In 1977, Shinro Ohtake looks to London's inhabitants, whilst Hans Eijkelboom's collection shows images of street shoppers snapped at The Bullring in Birmingham, which are arranged into a complex grid according to similarities: clothing or gestures that question the construction of Identity.

As a child born the 70's, I was drawn to the luminous portraits depicting youth in the early part of this century. With a sense of camaraderie, I enjoyed Rineke Dijkstra's intimate portraits of Liverpool clubbers. Reassuringly familiar, to any teenager who has spent a night in the local nightclub, where bravado and sexual naivety collide. Women will recognise their own innocent and still gazes in those of the clubbers; all photographed delicately with her maternal eye. The accepted idea that local nightclubs are escape from conformity, is turned on it's head with uniform portraits of tribes in Lycra and cheap make-up.
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Curated by Martin Parr Installation View Barbican Art Gallery, London 16 February - 19 June 2016
© Tristan Fewings/ Getty Images

Opposing these images of lost youth, literally, were portraits of the seemingly secure, upper classes by Tina Barney. Their melancholic gazes highlight the distance between the 'them' and 'us', a reflection of the class divide. There is a ceremonial lack of intimacy in these portraits, a gap which increases the more one attempts to connect with the subjects. I found my 7 year old daughter standing silently, staring back at these large faces glaring blankly at her, in a stand off of alien cultures.
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Tina BarneyThe Red Sheath, 2001© Tina Barney, Courtesy of Paul Kasmin Gallery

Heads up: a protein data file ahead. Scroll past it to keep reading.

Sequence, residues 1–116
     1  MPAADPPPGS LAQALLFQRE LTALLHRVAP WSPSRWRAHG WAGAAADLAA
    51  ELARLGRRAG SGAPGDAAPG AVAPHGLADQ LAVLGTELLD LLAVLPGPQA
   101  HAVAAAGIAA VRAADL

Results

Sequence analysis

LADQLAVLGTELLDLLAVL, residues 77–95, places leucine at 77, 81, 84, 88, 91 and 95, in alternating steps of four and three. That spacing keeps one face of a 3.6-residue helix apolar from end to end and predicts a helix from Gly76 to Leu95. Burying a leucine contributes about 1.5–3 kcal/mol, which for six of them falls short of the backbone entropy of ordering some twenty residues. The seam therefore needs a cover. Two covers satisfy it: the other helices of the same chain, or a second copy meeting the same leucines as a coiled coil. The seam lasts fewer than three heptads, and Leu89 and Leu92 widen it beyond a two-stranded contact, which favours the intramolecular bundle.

It is so interesting visiting an exhibition with a child. Her interest escalated with the scale of the prints. Bruce Gilden's prints were so large, that she had to stand back and look up to them, as a child would to a towering adult. In contrast to Barney's portraits, she felt compelled to stepped in to Gilden's unpolished close-ups of the working classes, asking questions about the features on their faces, and what the subjects felt about having their picture taken. There was an instant humility and connection between subject and viewer, a open exchange, which made Gilden's portraits an anthropological success. The wonky faces mapped with wrinkles, veined cheeks and heavy make up, she felt comfortable getting close to them.
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Curated by Martin Parr Installation View Barbican Art Gallery, London 16 February - 19 June 2016
© Tristan Fewings/ Getty Images

Raymond Depardon's images of the residents of the Goven and Manhill estates in Glasgow, captured what at first seems a bleak depiction of childhood. Dark landscapes, illuminated only by the clothes drying on a washing line, a bright pink balloon, or a child's pram full with dolls. I thought about how a child's world is as small as that which the lens falls on. Within that small existence, it is the props of childhood, the toys and games with friends around those very washing lines; that memories make. Who cares, as a child, if your backdrop is filled with bleak factories and wet pavements; the streets are your playground, and Depardon presented back to us the freedom that came with outdoor play in the mid-century, an experience seldom enjoyed by kids today.

Whenever and wherever in Britain you grew up, seeing this exhibition will gift you a family album you've long forgotten.